In the ongoing debate on Britain’s place in Europe, references to full sovereignty abound. Is it right for Britain to have handed over aspects of sovereignty to ‘Brussels’? Should the British people try to regain absolute sovereignty by withdrawing from Europe? Is it even possible to have full control over one’s sovereignty today?
Listening to these and similar concerns, I cannot help wondering what kind of a world those people long for who seek full sovereignty in our globalising context. Is this merely an expression that they do not feel at home in today’s world and therefore blame everything bad on ‘Brussels’? How else should one interpret the dramatic calls for reforming ‘Brussels’ – calls however not matched by any demand for reform in Britain itself? How come that nobody calls, for instance, for a reduction in the numbers of civil servants in Whitehall (405,000) when in fact the entire European bureaucracy, Commission, Council and Parliament together (42,500) is much slimmer?
Back to the call for full sovereignty: surely, it ought to surprise us in Britain that one of the strongest expressions of such a call emerges from media controlled by non-British and non-European owners. Hence, those who daily urge us to claim back full sovereignty do neither share British nor European interests. Rather they pursue their own particular power agenda under the pretence of leading Britain back to (a long gone world of) imperial glory and absolute self-determination. Of course, they do not care at all to highlight the point that the European project once came about because intellectual and political leaders realised seventy years ago that full sovereignty remained an illusion and that only new and ever more adequate forms of cooperation in Europe and beyond would be able to safeguard a peaceful political, social and economic development for all European countries.
Full national sovereignty is and remains impossible in our world – not just for Britain. The issues associated with, for example, transnational companies, environmental resources, disease vectors, organised crime cannot be solved by one country.
The ongoing row about Google’s tax responsibilities illustrates the need for better transnational forms of cooperation. Moreover, controlling international corporations more generally, including our banks, make it imperative to establish political, social, educational and economic cooperation beyond the borders of any country. No national parliament on its own can ever hope to control transnational corporations. Nor could it take sufficient steps for the protection of the environment. ‘British laws for British people’, as the battle cry would like to have it, won’t any longer solve many British problems.
Likewise, the current move to define human rights in terms of a merely British bill of rights seems yet another effort in denial that today all British people are global citizens whether they like it or not. Why this strong desire to withdraw into a self-imposed isolation from being a responsible and dignified player in a European and global orchestra?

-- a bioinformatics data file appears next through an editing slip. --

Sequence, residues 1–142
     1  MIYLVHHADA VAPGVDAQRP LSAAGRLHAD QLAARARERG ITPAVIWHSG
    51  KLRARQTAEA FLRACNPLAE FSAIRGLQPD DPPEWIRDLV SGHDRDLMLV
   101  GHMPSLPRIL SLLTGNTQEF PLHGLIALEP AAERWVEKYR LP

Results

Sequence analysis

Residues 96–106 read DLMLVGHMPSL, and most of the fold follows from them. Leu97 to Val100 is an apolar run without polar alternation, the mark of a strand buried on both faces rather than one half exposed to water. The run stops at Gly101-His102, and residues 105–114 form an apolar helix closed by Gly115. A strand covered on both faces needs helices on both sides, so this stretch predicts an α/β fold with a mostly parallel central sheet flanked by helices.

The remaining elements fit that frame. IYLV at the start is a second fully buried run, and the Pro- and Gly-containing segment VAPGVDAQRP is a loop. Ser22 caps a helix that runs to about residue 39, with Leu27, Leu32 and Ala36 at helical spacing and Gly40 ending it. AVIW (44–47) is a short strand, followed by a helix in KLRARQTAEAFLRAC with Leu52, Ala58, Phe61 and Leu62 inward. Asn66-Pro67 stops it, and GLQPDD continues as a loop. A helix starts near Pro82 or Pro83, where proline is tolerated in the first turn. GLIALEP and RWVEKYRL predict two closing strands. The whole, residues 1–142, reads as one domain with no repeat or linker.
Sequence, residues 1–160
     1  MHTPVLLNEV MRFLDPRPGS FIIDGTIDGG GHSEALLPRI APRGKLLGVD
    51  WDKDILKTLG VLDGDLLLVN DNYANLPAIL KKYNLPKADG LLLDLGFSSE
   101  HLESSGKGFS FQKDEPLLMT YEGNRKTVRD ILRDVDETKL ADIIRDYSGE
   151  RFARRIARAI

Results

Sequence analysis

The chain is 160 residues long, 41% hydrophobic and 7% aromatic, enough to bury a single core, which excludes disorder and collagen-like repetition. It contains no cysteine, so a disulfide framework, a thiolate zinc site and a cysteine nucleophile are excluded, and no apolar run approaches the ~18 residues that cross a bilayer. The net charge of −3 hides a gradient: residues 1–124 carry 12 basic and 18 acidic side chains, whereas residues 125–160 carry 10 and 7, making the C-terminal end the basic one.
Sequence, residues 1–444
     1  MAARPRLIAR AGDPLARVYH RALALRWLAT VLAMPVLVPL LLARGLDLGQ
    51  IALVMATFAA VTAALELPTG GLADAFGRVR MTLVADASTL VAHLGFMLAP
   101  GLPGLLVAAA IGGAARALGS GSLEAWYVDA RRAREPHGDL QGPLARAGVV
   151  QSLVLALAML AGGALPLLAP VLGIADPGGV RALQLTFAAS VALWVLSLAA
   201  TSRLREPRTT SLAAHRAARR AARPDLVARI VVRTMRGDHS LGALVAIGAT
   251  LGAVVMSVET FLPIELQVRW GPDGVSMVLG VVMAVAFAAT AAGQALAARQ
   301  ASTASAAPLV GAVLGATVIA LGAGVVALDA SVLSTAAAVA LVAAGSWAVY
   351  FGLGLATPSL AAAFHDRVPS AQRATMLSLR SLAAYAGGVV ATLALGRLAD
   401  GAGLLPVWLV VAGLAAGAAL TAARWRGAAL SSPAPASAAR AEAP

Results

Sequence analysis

Reforming the institutions of the European Union is a noble act. Who would not wish to support it? All human institutions – European and British alike – are in constant need of reform. Calling only for the reform of the one exposes a schizophrenic agenda. Asking for full national sovereignty today reveals a nostalgic desire to live in a world long gone and plays to the tune of media and corporate managers that neither care for Britain’s nor for Europe’s future. Blaming ‘Brussels’ for all the ills of this world is simplistic and childish. Limiting the search for adequate concepts of human rights merely to British legal imagination evokes unsavoury echoes of the not too distant European past.
What is needed is a critical and self-critical debate on better and more appropriately shared forms of national and multinational cooperation on all levels that affect human life in Britain, in Europe and beyond. Enlightened wisdom and experience have a lot to contribute to this debate. The Abrahamic faiths acknowledge that only God can be truly sovereign, and God’s sovereignty has been manifest in love, hospitality, and care for the suffering, exploited and oppressed.
About the author
Professor Werner G Jeanrond is Master of St Benet’s Hall in the University of Oxford. Born at Saarbrücken in 1955, he studied theology, German, and education at the Universities of the Saarland, Regensburg and Chicago. He taught systematic theology at Trinity College Dublin, the University of Lund in Sweden, and the University of Glasgow before taking up his present appointment in 2012. His books and articles in theology and hermeneutics have been translated into many languages. A Theology of Love was published in London in 2010 with translations into Swedish, Danish, Italian, Spanish and Chinese. Presently, he is completing a book on Reasons to Hope.